2. Shares extended, after ten years, for a further period of five or ten years. Further subscriptions are paid as usual and profits indivisible.
  3. Shares returnable after ten years, and accumulated profits turned into non- returnable shares : but future profits are indivisible.
  4. Shares non-returnable, and profits indivisible.

     As far as could be gathered, No.1 is most in practice. No.2 has been found useful, where the Society has not felt itself sufficiently strong after the ten years period. No.3 is only in use among purely Mohamedan Socieites (of Lambra, above). No.4 is according to the Registrar, the most desirable of all, but the most difficult of achievement.

     In the Panjab all Societies are classed in one or other of four categories, viz :-

  • A. Class - only includes really first-class Societies, where there is no defect observable either in the administration, or in the habits of the members.
  • B. Class- includes all those of good quality, but not high enoug to be classed A.
  • C. Class - includes all those of average quality.
  • D. Class - includes all those of poor quality.

     Classes A and B send their applicatiions for loans direct to the Central Banks. Classes C and D must apply through the Registrar (i.e. their local inspector).

     When a Society is independent of Bank, it can of itself reduce its rate of interest to members (ef. Sanda Kalan).

 

2. Union of Village Banks (agricultural)

     We paid visits to Unions of Socieites at Tarn Taran (Amritsar) ; Nakoda and Madar (Jullundur).

     The Union as in Burma, has only Societies as Members, and does not admit individuals : it deals only with the interests of Societies. The average number of Societies in a Union is 15 to 20.

     The Banking Union in the Panjab, in addition to exercising the functions of a Supervising Union as in Burma, does Banking business as well, as its name implies and the outside public are encouraged to deposit funds with it.

     Each Society contributes one share of the value of Rs.100/- and upward. These shares are non-returnable and the profits are indivisible.

     Societies are represented at General Meetings by one man for every 25 members ; and the General Meeting elects the Chairman and the Committee.

     It will be opportune to mention here one important factor, which, with one exception (namely in the Central Bank at Jullundur), prevails throughout the Panjab. This is the principle, at all meetings, of one man one vote (not one share one vote). We will return to this point later on.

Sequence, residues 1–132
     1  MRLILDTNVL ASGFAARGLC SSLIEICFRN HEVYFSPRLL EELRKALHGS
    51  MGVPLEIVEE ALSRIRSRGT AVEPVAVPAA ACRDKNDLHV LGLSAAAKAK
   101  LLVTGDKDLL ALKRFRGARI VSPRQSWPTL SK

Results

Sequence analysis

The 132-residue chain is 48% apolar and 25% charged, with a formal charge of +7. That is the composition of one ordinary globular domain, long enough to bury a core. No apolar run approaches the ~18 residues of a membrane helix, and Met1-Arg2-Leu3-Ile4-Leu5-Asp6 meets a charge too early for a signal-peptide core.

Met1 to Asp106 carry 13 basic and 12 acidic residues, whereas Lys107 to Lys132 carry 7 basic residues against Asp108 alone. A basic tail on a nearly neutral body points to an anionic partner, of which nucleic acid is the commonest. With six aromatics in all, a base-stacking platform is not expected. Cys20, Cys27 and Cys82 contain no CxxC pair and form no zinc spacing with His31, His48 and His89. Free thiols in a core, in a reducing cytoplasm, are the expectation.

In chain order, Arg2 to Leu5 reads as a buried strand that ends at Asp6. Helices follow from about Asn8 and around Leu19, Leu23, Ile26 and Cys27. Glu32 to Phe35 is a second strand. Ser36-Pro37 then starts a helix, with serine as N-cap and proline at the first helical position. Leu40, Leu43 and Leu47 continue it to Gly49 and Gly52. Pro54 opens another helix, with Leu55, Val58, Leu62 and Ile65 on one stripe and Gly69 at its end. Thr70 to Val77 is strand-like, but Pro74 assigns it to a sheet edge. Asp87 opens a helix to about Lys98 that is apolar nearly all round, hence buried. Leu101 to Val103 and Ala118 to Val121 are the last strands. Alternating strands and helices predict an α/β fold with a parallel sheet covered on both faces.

As indicated above, this type of Union combines the functions of a Supervising Union and a Central Bank. It is only suitable for districts where the affiliated societies are all of long standing, and established on a firm basis.

     In the Panjab, where there is no main Provincial Bank, the Union also acts as intermediary between Borrowing and Lending Societies. If a particular Union has surplus funds in hand, it can lend them to other Unions through the medium of the Registrar, who is kept constantly informed by the Union regarding their requirements, whether of a borrowing or a lending nature. By this means the use of all surplus funds is assured.

     Another function of the Union is to encourage the deposits of funds by members in their own Societies.

     The Banking Unions at Nakoda and Madar are important, enbracing over 50 Societies. That at Madar is the largest in the Panjab, and was the first established.

 

3. Co-operative Commission Shop (Agricultural)    

     An attempt is being made at Lyallpur, not without a considerable nature of success, to compete with the "banya" in the market for the sale of grain and other agricultural produce : and a Co-operative Commission shop has been set up in the market place for this purpose.

     The shares in the Society are Rs.50/- each, and the shareholders must be bultivators, or connected with the cultivation of land, or Societies.

     Societies are allowed one share for every 20 members ; while individuals can purchase 4 shares for every 25 acres of land held, up to 20 shares. The voting principle is the same as in other forms for Co-operation, one man (or Society) one vote.

     The primary object of the shop is to act as a market for the sale od the product of members, to other members or to the outside public. That is to say, as a rule, the owner of the grain meets the buyer and makes his own contract, which is then entered in the shop's register.

     But the shop is also prepared to store and sell the grain on behalf of the owner, if desired, In either case a sale commission of 1/2%, and a labour commission of 1% (for handling the produce) - or 1 1/2% in all are charged on all sales.

     .The shop has now been able to drect its own brick & mortar godown (which was formally opened by Prince Bidya during our visit), where grain can be kept in store, on behalf of the owners, if not sold immediately.

     The advantages tothe owner, which arise from his selling his grain through the Commission Shop, may be enumerated as follows :-

  1. True weight is obtained.
  2. The Commission charged is very small.
  3. The market is well know to buyers and sellers.
  4. The fraudulent book-keeping, customary among 'banyas', is avoided.
  5. The shop will pay the value of the grain on the sopt, if sold at once. N.B. The shop will store the grain, until actually paid for by the buyer.
  6. If the grain is not sold at once, the Shop will advance 75% of the value to the owner at 9 1/2% interest. N.B. In the case of prices falling, the shop has the right to sell but it will notify the owner previously.
  7. Shareholders can borrow money from the Shop at 9 1/2% interest.

     The Commission Shop pays a flat rate of 8 annas per member to the Panjab Co-operative Union for inspection fees.

 

4. Non-Agricultural Credit Society.

     An inspection was made of urban credit Societies at Rawal Findi, Lyallpur, Lahore, and Jullunder. These Societies were not without interest, as the members were comprised of diverse occupations, from sweepers to silk weavers.

     The Society at Rawal Pindi was composed entirely of sweepers (the lowest caste) and numbered 11 members, whose average earning wage was Rs.11/- per month, and who had no visible or tangible property whatever.

     Each member contributed one Rupee per month for ten years towards the cost of his share in the Society.